Human skull (Occipital bone is at bottom right).
Position of occipital bone (shown in green)
|Articulations||the two parietals, the two temporals, the sphenoid, and the atlas|
|Anatomical terms of bone|
The occipital bone (//) is a cranial dermal bone and the main bone of the occiput (back and lower part of the skull). It is trapezoidal in shape and curved on itself like a shallow dish. The occipital bone overlies the occipital lobes of the cerebrum. At the base of skull in the occipital bone, there is a large oval opening called the foramen magnum, which allows the passage of the spinal cord.
Like the other cranial bones, it is classed as a flat bone. Due to its many attachments and features, the occipital bone is described in terms of separate parts. From its front to the back is the basilar part, also called the basioccipital, at the sides of the foramen magnum are the lateral parts, also called the exoccipitals, and the back is named as the squamous part.
The basilar part is a thick, somewhat quadrilateral piece in front of the foramen magnum and directed towards the pharynx.
The squamous part is the curved, expanded plate behind the foramen magnum and is the largest part of the occipital bone.
The occipital bone, like the other seven cranial bones, has outer and inner layers (also called plates or tables) of cortical bone tissue between which is the cancellous bone tissue known in the cranial bones as diploë. The bone is especially thick at the ridges, protuberances, condyles, and anterior part of the basilar part; in the inferior cerebellar fossae it is thin, semitransparent, and without diploë.
Near the middle of the outer surface of the squamous part of the occipital (the largest part) there is a prominence – the external occipital protuberance. The highest point of this is called the inion.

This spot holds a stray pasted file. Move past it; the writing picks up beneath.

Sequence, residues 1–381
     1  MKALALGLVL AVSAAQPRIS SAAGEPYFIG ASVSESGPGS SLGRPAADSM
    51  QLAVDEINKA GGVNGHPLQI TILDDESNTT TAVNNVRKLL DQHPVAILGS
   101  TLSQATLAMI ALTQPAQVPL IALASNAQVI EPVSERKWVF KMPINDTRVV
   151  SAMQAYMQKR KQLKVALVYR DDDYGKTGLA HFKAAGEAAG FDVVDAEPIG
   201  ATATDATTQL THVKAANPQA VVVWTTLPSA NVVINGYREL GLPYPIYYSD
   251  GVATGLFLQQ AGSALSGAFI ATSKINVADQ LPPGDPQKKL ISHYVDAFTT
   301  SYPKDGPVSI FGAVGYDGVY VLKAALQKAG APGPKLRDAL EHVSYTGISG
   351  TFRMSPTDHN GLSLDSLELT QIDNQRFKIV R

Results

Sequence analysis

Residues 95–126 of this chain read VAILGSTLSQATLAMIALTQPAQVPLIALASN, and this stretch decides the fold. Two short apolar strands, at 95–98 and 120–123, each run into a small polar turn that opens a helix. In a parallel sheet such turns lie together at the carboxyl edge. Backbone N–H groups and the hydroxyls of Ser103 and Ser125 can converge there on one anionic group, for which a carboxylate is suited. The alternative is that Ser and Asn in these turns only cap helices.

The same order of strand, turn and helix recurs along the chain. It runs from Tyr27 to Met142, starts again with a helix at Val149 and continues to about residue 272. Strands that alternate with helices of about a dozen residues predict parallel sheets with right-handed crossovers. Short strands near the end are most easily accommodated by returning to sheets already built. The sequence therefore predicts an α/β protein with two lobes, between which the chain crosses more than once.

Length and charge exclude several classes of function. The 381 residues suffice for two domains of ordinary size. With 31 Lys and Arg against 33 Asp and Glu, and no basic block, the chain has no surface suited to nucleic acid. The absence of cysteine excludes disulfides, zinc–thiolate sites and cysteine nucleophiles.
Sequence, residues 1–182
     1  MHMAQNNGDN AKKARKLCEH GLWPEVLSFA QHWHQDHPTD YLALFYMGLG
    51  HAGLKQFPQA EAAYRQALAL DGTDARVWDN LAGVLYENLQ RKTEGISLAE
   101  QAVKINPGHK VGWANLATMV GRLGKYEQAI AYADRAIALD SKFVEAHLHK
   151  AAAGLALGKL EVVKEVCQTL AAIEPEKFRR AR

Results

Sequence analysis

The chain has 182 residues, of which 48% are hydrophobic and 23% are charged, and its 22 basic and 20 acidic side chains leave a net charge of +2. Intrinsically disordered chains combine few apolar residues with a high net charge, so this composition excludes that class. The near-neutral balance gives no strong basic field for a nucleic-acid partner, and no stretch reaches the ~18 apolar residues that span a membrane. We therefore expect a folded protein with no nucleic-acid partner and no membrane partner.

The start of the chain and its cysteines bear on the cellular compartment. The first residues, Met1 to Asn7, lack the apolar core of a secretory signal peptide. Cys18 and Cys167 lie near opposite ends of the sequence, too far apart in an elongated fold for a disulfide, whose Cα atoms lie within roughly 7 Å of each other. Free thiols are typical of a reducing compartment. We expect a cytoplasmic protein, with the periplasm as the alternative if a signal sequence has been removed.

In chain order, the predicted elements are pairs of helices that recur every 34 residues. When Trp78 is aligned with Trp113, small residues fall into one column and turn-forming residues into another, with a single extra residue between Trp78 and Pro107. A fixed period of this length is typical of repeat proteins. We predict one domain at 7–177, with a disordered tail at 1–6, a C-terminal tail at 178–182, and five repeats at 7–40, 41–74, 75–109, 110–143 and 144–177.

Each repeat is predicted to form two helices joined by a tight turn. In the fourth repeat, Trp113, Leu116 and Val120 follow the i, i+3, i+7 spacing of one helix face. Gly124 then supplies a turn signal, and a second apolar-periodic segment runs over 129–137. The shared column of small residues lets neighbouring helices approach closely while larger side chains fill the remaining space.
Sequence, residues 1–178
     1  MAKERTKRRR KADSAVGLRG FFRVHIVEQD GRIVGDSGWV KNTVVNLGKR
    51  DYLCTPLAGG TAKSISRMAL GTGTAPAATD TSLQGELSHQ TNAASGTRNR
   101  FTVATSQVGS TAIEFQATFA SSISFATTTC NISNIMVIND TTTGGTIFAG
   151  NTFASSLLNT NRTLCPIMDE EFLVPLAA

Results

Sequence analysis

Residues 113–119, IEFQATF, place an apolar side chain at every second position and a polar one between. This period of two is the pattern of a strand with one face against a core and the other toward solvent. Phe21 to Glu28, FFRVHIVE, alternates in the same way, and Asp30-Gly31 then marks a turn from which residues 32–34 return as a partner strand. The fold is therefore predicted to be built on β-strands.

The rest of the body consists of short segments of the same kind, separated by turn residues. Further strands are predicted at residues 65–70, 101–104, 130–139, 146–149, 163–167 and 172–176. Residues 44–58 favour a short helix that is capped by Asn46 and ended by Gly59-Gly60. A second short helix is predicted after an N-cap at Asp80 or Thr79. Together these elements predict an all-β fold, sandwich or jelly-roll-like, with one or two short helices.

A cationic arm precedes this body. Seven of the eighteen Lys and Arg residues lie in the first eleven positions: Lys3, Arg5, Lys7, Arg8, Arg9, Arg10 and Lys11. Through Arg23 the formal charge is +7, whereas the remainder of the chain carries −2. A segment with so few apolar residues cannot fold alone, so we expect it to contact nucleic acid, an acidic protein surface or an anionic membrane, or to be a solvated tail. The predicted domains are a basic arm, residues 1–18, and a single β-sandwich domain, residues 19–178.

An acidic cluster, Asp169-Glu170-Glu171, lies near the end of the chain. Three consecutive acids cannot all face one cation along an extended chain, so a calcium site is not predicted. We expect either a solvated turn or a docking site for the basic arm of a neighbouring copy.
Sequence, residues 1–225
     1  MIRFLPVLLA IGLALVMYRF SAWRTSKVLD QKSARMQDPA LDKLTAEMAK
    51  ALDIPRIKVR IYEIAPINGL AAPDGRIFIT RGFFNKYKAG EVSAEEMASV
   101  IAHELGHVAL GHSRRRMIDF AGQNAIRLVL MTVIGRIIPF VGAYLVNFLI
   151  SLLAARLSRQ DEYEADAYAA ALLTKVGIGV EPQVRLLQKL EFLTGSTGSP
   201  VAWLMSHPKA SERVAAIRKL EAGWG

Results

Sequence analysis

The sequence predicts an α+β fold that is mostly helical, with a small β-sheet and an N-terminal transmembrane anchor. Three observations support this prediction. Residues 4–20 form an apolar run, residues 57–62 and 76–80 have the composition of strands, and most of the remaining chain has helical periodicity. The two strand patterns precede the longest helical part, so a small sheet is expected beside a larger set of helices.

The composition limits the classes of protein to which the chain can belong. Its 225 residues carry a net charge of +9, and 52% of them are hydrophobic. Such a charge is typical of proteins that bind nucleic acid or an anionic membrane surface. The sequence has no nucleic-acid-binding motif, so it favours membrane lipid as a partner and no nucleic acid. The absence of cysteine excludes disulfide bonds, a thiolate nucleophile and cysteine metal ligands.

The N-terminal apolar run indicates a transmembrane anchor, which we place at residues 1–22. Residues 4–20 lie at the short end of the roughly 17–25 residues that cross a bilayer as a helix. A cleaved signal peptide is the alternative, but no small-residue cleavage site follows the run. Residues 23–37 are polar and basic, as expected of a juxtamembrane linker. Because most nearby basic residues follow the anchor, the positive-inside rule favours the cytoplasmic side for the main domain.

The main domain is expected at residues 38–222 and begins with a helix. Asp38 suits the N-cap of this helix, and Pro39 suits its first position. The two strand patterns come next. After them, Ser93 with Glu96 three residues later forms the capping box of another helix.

From the inion, along the midline of the squamous part until the foramen magnum, runs a ridge – the external occipital crest (also called the medial nuchal line) and this gives attachment to the nuchal ligament.
Running across the outside of the occipital bone are three curved lines and one line (the medial line) that runs down to the foramen magnum. These are known as the nuchal lines which give attachment to various ligaments and muscles. They are named as the highest, superior and inferior nuchal lines. The inferior nuchal line runs across the midpoint of the medial nuchal line. The area above the highest nuchal line is termed the occipital plane and the area below this line is termed the nuchal plane.
The inner surface of the occipital bone forms the base of the posterior cranial fossa. The foramen magnum is a large hole situated in the middle, with the clivus, a smooth part of the occipital bone travelling upwards in front of it. The median internal occipital crest travels behind it to the internal occipital protuberance, and serves as a point of attachment to the falx cerebri.
To the sides of the foramen sitting at the junction between the lateral and base of the occipital bone are the hypoglossal canals. Further out, at each junction between the occipital and petrous portion of the temporal bone lies a jugular foramen.
There are two midline skull landmarks at the foramen magnum. The basion is the most anterior point of the opening and the opisthion is the point on the opposite posterior part. The basion lines up with the dens.
The foramen magnum (Latin: large hole) is a large oval foramen longest front to back; it is wider behind than in front where it is encroached upon by the occipital condyles. The clivus, a smooth bony section, travels upwards on the front surface of the foramen, and the median internal occipital crest travels behind it.
Through the foramen passes the medulla oblongata and its membranes, the accessory nerves, the vertebral arteries, the anterior and posterior spinal arteries, and the tectorial membrane and alar ligaments.
The lateral angles are situated at the extremities of the groove for the transverse sinuses: each is received into the interval between the mastoid angle of the parietal bone, and the mastoid portion of the temporal bone.